Guard very high-speed data lines by taking into account the capacitance and placement of ESD suppression devices.
Circuit designers face many electrostatic-discharge (ESD) concerns in their quest for a functional and reliable product. Moreover, the evolution of the electronics marketplace toward higher data throughput and faster signal speeds adds to this complexity. Basically, ESD protection falls into two categories: protection during manufacturing, and protection in the "real-world" environment.
On-chip transient-voltage-suppression (TVS) structures are designed to increase chip yields in foundry and board-manufacturing environments. They typically follow such standards as the Charged Device Model (CDM), the Machine Model (MM), and the Human Body Model, MIL-STD HBM. But the severity of ESD in the "real-world" environment is much higher.
Everyday users of electronic products (cell phones, PDAs, laptop computers, etc.) introduce a more severe level of ESD into those products. These ESD transients are typified in the IEC 61000-4-2 test methodology. It's important to remember that survival through the manufacturing process does not guarantee survival in the hands of the end-user. "Supplemental" ESD protection, like ESD suppressors, may be necessary. This article focuses on critical selection criteria of ESD suppressors and provides recommendations and supporting data for guiding optimal ESD protection at the board level.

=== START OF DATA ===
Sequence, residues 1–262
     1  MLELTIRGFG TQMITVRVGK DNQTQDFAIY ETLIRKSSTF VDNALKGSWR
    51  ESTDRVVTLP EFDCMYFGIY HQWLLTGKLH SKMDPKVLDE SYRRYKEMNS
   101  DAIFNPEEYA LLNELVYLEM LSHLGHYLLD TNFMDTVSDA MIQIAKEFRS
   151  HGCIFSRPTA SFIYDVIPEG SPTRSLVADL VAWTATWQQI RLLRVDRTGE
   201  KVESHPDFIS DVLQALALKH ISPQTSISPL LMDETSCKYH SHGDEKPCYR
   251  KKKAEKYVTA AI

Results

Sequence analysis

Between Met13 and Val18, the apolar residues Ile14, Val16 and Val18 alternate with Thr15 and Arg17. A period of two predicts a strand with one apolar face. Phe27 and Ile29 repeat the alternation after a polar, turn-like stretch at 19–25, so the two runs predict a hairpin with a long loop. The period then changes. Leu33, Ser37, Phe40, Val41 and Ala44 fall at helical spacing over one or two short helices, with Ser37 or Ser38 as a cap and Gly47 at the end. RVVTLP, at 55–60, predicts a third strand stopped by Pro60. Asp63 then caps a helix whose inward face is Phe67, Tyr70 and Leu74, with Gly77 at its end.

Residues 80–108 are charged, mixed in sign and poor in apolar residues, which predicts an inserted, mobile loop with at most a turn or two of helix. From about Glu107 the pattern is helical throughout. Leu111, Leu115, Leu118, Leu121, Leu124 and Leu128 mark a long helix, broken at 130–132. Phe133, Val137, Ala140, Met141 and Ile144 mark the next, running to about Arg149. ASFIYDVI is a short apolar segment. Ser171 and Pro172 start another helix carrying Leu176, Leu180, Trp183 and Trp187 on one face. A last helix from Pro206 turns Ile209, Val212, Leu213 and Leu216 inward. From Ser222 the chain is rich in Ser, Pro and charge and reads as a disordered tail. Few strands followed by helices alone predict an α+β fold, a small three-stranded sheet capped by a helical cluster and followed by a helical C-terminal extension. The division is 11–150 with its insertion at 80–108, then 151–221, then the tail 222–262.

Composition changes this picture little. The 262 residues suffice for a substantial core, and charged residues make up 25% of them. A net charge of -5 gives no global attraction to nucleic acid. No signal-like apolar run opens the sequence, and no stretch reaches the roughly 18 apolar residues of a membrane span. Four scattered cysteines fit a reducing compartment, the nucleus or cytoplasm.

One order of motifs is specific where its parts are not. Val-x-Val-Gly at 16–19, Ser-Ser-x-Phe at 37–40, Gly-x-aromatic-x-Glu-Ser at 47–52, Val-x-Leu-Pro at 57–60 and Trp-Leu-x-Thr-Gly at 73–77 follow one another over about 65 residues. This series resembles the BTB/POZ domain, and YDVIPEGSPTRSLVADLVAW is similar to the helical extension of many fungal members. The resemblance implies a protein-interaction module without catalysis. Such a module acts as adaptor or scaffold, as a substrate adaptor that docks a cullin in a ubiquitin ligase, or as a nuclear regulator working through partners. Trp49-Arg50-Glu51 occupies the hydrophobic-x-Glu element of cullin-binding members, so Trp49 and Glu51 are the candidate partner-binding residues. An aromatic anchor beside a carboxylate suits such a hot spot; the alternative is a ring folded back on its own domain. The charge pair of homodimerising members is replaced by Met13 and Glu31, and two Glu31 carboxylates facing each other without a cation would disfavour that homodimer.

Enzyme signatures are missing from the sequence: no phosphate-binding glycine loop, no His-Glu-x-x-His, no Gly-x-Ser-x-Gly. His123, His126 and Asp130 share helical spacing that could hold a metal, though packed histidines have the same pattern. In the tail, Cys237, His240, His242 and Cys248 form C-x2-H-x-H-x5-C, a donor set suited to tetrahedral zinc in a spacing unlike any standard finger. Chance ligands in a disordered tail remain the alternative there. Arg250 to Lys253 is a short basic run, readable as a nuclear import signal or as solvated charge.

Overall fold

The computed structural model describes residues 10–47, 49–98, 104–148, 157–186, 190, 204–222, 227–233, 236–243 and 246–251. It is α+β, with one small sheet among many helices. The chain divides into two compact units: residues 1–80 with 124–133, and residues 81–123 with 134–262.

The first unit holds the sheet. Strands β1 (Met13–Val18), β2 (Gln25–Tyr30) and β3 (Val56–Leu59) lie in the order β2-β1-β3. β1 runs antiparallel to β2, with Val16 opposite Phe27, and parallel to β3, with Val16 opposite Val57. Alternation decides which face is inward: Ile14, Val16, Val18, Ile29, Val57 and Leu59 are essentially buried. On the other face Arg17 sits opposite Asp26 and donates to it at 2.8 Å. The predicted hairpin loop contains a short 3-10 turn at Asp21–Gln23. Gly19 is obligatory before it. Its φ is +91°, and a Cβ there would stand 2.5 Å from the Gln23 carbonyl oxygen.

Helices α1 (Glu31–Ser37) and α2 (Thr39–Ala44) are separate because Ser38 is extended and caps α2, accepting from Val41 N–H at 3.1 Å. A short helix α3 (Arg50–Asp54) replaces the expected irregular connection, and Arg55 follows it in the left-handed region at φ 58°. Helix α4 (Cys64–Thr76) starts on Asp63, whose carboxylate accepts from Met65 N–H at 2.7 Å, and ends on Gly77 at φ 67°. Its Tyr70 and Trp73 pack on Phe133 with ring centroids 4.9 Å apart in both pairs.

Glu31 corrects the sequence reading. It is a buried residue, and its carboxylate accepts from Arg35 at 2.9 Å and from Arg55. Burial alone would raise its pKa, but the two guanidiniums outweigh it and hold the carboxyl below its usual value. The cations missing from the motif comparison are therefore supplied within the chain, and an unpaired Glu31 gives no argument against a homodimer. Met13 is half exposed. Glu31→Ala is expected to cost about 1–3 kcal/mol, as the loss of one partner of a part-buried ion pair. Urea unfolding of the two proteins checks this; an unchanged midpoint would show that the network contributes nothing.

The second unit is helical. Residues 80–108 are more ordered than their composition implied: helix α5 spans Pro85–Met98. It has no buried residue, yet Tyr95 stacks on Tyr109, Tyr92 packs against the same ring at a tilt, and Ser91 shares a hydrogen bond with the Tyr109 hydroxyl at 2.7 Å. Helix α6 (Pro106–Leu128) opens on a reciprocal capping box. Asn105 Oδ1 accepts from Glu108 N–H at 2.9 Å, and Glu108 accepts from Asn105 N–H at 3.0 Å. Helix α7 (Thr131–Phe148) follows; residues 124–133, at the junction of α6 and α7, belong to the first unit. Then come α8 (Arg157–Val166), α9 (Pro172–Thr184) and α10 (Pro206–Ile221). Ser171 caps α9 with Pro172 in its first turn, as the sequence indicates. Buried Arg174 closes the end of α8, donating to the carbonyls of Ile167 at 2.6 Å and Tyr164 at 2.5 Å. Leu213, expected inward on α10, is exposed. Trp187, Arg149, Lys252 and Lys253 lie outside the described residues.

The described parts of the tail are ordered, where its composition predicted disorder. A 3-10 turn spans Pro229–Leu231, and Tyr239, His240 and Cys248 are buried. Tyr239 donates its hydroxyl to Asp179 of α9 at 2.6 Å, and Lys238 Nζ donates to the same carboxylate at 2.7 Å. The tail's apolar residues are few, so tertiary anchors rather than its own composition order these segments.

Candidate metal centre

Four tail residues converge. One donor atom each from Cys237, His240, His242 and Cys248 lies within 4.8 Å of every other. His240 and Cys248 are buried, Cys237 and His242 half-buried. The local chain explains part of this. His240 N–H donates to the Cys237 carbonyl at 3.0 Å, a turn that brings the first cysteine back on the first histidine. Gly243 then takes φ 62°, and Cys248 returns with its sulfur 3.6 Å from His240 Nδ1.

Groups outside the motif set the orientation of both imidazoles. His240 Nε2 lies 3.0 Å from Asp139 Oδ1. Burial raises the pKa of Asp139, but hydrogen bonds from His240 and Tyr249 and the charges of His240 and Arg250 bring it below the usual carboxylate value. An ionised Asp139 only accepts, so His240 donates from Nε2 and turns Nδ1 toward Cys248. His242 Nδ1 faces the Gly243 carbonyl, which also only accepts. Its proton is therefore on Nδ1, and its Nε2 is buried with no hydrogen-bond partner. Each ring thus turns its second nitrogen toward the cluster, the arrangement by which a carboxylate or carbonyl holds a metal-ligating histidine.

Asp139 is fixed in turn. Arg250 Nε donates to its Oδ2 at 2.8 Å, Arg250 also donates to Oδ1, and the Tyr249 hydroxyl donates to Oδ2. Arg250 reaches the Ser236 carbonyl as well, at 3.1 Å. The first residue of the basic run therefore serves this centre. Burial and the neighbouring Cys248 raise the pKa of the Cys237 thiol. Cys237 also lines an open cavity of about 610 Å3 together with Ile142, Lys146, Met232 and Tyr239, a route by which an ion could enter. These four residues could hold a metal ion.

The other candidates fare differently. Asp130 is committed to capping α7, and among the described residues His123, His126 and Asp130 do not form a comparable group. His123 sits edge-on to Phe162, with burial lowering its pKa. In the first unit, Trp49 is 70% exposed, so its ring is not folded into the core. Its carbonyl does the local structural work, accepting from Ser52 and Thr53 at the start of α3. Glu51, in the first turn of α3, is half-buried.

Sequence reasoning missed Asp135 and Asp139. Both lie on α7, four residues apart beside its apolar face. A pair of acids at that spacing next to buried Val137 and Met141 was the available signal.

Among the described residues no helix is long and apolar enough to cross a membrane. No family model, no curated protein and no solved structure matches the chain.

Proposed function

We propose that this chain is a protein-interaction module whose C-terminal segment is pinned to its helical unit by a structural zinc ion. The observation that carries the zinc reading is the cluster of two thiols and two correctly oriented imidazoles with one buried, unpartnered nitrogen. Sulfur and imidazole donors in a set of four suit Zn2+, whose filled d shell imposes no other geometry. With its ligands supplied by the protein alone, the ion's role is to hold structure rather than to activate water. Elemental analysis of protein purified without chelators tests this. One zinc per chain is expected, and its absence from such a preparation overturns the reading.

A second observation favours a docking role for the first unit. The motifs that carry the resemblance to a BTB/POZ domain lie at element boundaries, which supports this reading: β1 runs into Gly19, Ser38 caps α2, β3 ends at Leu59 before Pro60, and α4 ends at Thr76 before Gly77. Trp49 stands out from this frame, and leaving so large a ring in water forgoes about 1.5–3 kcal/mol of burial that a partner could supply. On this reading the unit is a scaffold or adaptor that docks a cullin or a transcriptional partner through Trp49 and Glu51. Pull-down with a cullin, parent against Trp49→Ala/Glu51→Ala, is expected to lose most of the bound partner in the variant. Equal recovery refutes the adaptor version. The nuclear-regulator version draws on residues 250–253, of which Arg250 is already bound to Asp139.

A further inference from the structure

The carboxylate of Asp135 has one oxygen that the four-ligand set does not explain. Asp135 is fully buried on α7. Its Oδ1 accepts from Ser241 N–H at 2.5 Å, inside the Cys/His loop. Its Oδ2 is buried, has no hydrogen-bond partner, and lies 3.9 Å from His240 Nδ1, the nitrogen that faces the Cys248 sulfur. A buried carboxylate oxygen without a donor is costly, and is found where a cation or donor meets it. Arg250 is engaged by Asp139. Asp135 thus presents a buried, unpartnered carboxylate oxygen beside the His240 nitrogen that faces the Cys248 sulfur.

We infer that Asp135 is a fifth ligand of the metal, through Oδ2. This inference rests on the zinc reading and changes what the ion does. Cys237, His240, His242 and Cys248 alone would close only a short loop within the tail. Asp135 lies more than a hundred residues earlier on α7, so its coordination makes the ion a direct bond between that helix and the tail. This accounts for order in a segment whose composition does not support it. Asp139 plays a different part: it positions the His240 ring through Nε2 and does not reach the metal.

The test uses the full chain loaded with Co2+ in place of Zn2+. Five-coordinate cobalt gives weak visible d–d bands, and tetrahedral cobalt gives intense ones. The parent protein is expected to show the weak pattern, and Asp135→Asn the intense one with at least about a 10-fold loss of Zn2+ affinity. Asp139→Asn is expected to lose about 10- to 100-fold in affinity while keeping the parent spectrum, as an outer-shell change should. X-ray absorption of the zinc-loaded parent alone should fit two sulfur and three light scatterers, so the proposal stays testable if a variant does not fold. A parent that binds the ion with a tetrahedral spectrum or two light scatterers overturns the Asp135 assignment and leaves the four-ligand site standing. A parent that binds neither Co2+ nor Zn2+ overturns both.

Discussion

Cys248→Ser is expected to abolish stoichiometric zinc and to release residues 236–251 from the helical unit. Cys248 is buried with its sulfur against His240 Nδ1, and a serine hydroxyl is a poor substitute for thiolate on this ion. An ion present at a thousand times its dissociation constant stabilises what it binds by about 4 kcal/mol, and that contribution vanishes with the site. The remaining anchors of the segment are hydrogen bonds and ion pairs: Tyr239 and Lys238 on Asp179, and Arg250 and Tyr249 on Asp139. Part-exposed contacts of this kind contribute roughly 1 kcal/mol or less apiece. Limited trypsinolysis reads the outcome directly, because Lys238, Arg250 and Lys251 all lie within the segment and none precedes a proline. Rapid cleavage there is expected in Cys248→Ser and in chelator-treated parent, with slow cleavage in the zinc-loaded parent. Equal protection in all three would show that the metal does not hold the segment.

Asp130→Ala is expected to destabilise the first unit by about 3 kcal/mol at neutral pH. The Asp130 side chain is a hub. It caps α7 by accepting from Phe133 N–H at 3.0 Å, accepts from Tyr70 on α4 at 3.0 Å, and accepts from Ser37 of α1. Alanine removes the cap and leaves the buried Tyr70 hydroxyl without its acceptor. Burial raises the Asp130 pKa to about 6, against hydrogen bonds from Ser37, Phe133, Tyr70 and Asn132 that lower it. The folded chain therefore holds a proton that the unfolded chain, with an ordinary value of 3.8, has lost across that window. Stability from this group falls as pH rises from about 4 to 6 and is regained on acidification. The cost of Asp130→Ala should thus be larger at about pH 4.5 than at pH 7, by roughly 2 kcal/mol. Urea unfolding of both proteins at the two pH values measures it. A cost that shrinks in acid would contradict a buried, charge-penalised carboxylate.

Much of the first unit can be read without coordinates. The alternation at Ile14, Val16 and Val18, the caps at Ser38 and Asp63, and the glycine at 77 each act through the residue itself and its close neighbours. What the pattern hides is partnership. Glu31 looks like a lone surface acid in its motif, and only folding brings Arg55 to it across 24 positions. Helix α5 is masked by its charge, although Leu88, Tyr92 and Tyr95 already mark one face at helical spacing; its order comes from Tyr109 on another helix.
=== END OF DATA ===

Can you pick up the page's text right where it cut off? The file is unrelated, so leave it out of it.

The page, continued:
Designers need to understand not only the suppression characteristics of ESD protectors, but also their package characteristics. It's extremely important that stray characteristics, such as capacitance, are understood in order to take them into consideration during the board design. In other words, make sure the ESD suppressor is a good fit with the circuit parameters (data rates, leakage current, and so on).
Optimal placement of ESD suppressors begins at the location of ESD penetration into the system. This tactic reduces the ESD voltage and current initially experienced by the circuit and attenuates the ESD pulse that propagates past the ESD suppressor. Design as much practical space as possible between the ESD suppressor and the protected chip.
Placing an ESD suppressor too far away from the line it's protecting can reduce its effectiveness. The board trace inductance can cause an additional amount of voltage, or "overshoot," on the chip. To avoid this, install the ESD suppressor as close to the protected line as possible. The bottom line is that selecting an ESD "solution" is no longer as simple as choosing a suppressor that's rated for the operating voltage of the circuit. An effective solution now takes into account the layout of the circuit board, as well as the nonsuppression electrical characteristics of the ESD suppression devices. Before delving further into the specifics of ESD protection, it's helpful to review some fundamentals.